conflict, but a long-lasting multifaceted one which is normally divided into three parts:
(1) the secular-mendicant controversy lasting from the 1250s to the 1270s;36 (2) the
usus pauper controversy around the 1270s to the 1290s,37 and (3) the controversy
between Pope John XXII and the Franciscan Order from the 1320s to the 1340s.38
The common element in all of these controversies was the discussion of the legal
basis of absolute poverty as a renunciation of all kinds of rights.
In trying to solve the Friars debate about the real meaning of poverty, the popes
and Franciscans themselves defined the rule of poverty (Let the Friars appropriate
nothing for themselves, neither a house, nor a place, nor anything else) by using
legal terminology. The compromise, crafted by the minister general of the Order,
Bonaventure, and Pope Nicholas III in 1279, was that the Franciscans could not
exercise property rights over material objects, but could make use of them for
their own sustenance. Thus the most significant issues of the Franciscan poverty

33 Tuck 1979, 2528; Grossi 1987, 158. For the criticism of Grossis and Tucks studies, see Brett
1997, 5, 1011 and Tierney 1997, 429441.
34 Brett 1997.
35 For a history of these controversies, see Lambert 1961; Leff 1968.
36 The collection of primary sources for the conflict is Chartularium universitatis parisiensis, eds.
H. Denifle and E. Chatelain, 4 vols., Delalain, Paris 18891897. The conflict has been studied quite
extensively; see e.g., Rashdall 1936, 344397; Lambert 1961; Lambertini 1993, 143172; Traver
1996, 105271. For the controversy and its importance for the discussion on natural and legal rights,
see Leff 1968, 255270; Mkinen 2001, 2194.
37 Lambert 1961; Burr 1989.
38 Mkinen 2001, 145206; Nold 2004.


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controversies for our subject was the Orders claim that its members were able to
live not only without property rights, but also without any rights in general.
The Friars absence of legal standing raised a discussion concerning the
terminology of property and natural rights. On the one hand, the debates around
such legal terms focused on a sharp conceptual analysis of the definition of usus,
the use of temporal goods. On the other hand, the controversies involved the
meaning of dominium and other terms concerning property rights over things (such
as proprietas, possessio, ususfructus, and ius utendi).39
Perhaps the most influential issues were discussed during the aftermath of the
usus pauper controversy. The problems raised by the issue of Franciscan poverty
without any property rights were treated in several quodlibetal disputations in the
Faculty of Theology at the University of Paris at the end of the thirteenth century.
Two figures involved were secular theologians: Henry of Ghent and Godfrey of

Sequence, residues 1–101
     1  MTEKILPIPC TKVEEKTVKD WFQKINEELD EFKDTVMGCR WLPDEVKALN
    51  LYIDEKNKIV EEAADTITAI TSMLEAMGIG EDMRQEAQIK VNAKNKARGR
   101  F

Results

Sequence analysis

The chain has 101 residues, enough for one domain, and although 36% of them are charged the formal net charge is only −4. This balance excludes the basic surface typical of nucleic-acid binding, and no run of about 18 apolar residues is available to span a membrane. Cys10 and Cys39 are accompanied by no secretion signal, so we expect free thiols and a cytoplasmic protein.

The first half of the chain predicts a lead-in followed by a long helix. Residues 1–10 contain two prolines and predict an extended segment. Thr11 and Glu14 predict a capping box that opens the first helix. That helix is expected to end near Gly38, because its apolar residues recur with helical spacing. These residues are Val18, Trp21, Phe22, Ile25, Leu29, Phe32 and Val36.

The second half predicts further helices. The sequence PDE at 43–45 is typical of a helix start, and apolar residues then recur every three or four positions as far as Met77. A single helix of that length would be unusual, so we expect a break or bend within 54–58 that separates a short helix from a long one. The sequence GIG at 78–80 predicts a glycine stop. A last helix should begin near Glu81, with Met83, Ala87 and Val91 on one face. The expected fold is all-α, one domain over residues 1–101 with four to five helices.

Fontaines.40 These two theologians demonstrated in their quodlibetal disputations
how the juridical basis of Franciscan poverty attracted attention in the discussion
of natural rights and that the Franciscans claim to live without any modes of
rights was an absurd idea.
Henry of Ghent, for instance, posed in his Quodlibet IX the question (q. 26)
whether one condemned to death can licitly flee (c. 1289). Henry treated the
question by distinguishing between the rights of the judge and the rights of the
condemned person in the body of the criminal. The judge has the power (potestas)
of capturing, holding, and executing the condemned person, whereas the criminal
has the power of using his body so as to preserve his life as long as he does not
injure another.41 Henrys conclusion in his Quodlibet IX, question twenty-six, was
that the criminal had a right to preserve his life and acquire the necessities of life
that override the right of the judge to imprison and kill the condemned. The right to
preserve ones life is greater because everyone (including the judge in this case) is
compelled by the necessity.42 In this particular question, Henry explicitly stated that
self-preservation was a natural right but only in the case of extreme necessity.43
Later in the same question he asserted that the condemned also had a property
right (proprietas) over his own body, whereas the judge had only the right to use

39 Mkinen 2001.
40 Op.cit., 105139.
41 Henry of Ghent, Quodlibet IX, 307.
42 Op.cit., 308.
43 Tierney 1997; Mkinen 2001. Cf. Coleman, who claims that Henry is speaking about obligations.
Coleman 2006, 1319.



(ius utendi) the criminals body (which gave him the power to capture, imprison,
and kill the condemned). Moreover, Henry stated that the condemned should
preserve ones life without injuring another.44 In this regard Henry also emphasized
an individuals subjective right. His way of using proprietas strictly understood as a
property right rather than any broader notion of dominium stresses his individualistic